Teardown finds Apple's new iPad largely similar to first-gen iPad AirApple's new 9.7-inch budget iPad is in many respects the original iPad Air with a few key upgrades to keep it relevant in 2017, according to a teardown published on Thursday.
The tablet for instance uses the same screen as the Air, which is thicker and easier to repair since the LCD and digitizer aren't fused together, iFixit observed. The firm was in fact able to swap in the same parts from a genuine Air and make the connectors fit, although it has yet to test them.
The display also uses the same LCD timing controller from the Air, and is said to look the same in action. Apple is marketing the new tablet as being "brighter," but iFixit suggested that if the company is comparing against the iPad Air 2, an unfused display may explain the difference.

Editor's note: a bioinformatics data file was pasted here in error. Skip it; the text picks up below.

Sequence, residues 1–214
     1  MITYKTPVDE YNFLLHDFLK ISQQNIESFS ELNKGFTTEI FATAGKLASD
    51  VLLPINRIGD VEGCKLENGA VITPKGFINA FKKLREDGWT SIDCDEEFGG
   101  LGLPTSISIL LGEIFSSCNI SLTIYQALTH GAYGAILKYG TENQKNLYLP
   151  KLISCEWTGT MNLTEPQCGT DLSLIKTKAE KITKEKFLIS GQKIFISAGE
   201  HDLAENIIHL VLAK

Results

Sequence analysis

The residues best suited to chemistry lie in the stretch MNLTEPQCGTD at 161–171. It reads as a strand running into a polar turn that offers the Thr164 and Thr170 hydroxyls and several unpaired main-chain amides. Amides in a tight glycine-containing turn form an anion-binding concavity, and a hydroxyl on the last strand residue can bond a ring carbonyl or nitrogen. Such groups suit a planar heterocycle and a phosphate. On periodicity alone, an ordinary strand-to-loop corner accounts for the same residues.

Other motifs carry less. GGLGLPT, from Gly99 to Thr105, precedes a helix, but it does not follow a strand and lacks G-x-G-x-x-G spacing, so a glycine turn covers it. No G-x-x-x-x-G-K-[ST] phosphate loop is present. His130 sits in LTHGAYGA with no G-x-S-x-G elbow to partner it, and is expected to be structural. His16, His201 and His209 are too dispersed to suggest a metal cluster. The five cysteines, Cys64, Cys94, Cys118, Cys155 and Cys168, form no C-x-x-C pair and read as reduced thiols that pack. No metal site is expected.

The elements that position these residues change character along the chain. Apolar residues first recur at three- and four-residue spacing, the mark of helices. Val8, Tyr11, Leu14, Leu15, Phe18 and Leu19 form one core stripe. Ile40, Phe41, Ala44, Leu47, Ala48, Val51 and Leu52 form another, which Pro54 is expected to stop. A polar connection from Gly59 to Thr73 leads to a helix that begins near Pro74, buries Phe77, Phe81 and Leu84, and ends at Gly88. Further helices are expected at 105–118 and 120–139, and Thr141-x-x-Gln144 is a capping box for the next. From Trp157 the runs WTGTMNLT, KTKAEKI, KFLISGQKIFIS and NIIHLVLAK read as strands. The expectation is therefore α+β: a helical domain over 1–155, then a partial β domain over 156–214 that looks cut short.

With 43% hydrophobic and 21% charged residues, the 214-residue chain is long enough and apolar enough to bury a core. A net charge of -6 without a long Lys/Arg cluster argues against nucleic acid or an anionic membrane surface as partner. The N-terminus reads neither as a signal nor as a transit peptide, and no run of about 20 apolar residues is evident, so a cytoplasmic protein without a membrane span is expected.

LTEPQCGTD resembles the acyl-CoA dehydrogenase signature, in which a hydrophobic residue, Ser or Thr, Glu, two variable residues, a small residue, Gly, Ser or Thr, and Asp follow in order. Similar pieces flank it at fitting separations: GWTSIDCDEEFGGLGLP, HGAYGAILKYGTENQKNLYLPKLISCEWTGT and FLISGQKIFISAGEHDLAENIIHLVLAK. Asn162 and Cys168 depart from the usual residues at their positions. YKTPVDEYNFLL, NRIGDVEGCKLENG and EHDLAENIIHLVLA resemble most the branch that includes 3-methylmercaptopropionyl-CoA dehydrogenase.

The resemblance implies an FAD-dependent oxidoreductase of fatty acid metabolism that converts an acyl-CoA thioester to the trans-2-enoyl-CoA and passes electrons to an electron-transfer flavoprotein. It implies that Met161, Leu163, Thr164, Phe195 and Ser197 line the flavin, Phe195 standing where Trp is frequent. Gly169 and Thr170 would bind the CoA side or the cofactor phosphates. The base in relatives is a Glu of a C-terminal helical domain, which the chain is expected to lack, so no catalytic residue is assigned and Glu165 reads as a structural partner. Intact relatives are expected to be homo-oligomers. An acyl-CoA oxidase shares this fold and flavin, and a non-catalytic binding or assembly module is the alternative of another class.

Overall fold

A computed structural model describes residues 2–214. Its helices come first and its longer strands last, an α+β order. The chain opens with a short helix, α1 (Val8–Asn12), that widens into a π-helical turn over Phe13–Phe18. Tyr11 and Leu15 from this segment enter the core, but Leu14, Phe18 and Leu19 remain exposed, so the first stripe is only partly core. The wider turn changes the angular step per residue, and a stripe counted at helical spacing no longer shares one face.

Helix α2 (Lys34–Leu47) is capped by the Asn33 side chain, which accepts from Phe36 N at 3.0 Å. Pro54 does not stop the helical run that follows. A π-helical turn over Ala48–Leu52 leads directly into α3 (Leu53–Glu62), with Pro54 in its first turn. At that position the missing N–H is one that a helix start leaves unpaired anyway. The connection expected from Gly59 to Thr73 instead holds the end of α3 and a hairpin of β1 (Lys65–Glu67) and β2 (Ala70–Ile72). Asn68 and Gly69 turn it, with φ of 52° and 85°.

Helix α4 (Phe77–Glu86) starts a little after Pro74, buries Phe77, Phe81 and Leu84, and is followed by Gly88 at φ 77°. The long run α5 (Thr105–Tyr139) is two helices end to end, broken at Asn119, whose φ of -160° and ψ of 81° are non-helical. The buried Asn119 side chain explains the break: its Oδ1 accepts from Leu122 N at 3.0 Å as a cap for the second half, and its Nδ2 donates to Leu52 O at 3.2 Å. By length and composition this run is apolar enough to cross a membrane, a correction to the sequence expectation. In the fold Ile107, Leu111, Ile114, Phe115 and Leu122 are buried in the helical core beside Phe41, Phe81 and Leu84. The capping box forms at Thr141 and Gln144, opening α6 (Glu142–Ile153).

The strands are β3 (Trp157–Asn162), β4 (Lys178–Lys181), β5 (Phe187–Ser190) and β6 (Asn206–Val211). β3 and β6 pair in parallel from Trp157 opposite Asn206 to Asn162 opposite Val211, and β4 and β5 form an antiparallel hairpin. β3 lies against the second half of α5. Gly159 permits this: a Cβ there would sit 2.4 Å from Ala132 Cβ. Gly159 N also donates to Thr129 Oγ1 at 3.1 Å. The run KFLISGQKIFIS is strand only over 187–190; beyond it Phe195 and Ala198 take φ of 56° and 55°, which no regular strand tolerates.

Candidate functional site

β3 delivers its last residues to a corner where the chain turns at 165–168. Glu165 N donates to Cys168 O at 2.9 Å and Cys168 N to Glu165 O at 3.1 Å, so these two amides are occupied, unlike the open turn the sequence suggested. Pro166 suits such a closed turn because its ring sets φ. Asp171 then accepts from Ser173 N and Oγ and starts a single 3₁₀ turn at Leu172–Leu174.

The new iPad even has the same 32.9 watt-hour battery as the Air 1, beating out the 27.6 watt-hour unit in the Air 2 and the 27.9 watt-hour supply in the 9.7-inch iPad Pro.
The key difference with the old tablet is an A9 processor paired with 2 gigabytes of DDR4 RAM, versus the Air's A7 chip and 1 gigabyte of DDR3. Apple has also boosted base storage to 32 gigabytes, and added a Touch ID sensor, notably linking it to a "real" button instead of the solid-state button introduced on the iPhone 7.
There is also no lock switch, and speaker holes have been reduced to a single row. Earlier microphone slots have been scaled down to holes, and Apple is using the same NFC controller and USB charging circuitry found on the iPhone 7.
AppleInsider will be giving first impressions of the new iPad on Thursday afternoon.
The first online orders of the new iPad should be shipping today. Prices start at $329, making it the cheapest iPad option outside of refurbished models.